In addition to Crimean desserts, we got to try Crimean wine, which was very nice. We ate both nights at a restaurant named for Pushkin, where a very nice cat spent the evening first on Brittany’s lap, then mine. So: desserts and wine, pretty art, and a nice cat. It’s clear why Bakcheserai was my favorite stop on the trip.
Our next stop was Sevastopol, where we spent a few hours visiting with a Volunteer couple in our group, Phil and Carol. They pointed us toward “the Panorama,” which Christina was excited to see, and Greek ruins, called Hersonis. The Panorama is a 3D work of art commemorating the siege on Sevastopol at the end of the Crimean War. It’s a circular room that you can walk all around, with a painted scene continuing off the wall (if that makes sense) into cannons, reconstructed trenches, etc. You can see the French and the British approaching in the distance. They even made the room smell like gunpowder (apparently there is a recording of gunshots and explosions that they play when lots of children come). I’m not very knowledgeable about history, and the whole thing made me think of Eddie Izzard’s imitation of the Germans retreating from Russia (“Oh – it’s a bit cold, a bit cold!”).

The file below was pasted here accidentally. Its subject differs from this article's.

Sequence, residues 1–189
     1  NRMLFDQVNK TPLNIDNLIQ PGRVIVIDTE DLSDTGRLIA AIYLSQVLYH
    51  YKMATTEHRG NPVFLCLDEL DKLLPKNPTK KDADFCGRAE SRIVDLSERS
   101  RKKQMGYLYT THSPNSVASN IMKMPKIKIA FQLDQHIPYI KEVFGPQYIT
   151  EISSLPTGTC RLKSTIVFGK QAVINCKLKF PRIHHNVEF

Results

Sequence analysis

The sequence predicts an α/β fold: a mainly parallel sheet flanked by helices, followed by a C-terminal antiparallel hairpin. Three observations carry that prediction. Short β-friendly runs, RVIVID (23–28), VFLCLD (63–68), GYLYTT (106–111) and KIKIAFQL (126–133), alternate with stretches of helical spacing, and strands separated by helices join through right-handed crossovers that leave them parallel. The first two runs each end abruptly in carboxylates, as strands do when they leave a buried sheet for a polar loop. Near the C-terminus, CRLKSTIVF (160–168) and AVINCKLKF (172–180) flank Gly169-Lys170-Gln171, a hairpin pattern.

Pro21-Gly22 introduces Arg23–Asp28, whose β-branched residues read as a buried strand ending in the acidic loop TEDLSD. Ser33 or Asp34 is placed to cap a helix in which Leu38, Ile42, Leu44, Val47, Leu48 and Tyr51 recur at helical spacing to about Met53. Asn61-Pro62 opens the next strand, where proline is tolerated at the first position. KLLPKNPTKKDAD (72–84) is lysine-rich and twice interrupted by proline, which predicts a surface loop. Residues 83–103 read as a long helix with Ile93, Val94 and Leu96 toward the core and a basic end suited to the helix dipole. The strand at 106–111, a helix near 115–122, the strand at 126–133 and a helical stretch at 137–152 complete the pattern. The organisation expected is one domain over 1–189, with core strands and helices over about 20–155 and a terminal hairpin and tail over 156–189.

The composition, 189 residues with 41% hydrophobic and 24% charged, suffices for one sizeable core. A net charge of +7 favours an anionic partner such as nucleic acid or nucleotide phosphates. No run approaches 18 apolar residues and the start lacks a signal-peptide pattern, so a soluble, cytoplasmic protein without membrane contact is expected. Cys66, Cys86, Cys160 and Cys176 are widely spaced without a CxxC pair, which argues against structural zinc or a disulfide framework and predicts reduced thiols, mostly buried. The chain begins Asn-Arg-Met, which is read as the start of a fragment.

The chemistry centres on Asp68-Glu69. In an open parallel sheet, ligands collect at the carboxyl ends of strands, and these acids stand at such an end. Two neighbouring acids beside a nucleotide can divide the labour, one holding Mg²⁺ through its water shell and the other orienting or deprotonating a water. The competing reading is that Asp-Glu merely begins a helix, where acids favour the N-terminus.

We took a very late bus to Yalta, where we stayed in a nice apartment. Unfortunately, the palace that hosted the Yalta Conference (of FDR, Churchill and Stalin fame) was closed, so we satisfied ourselves with a ferry trip to the Swallow’s Nest: a very, very small castle on a cliff, built at the beginning of the 20th century, for someone’s mistress. It was on the cover of the last Lonely Planet for Ukraine, and is very photogenic, but, as Lonely Planet warned, much shorter than you would expect. (Like meeting a celebrity in person, they crack.) It’s about the size of a suburban house. But I was still happy to see it, finally, and we all took lots of pictures, when not ducking out of the photos of Ukrainians. Asian tourists might be famous for how many pictures they take, but I swear, no one can out-do Ukrainians at the random, “glamour shot” photo. Every two feet, at least, there was a Ukrainian girl draping herself against a wall and gazing dramatically at her friend’s camera (no smiles and peace signs for Ukrainian photos). It was pretty intense.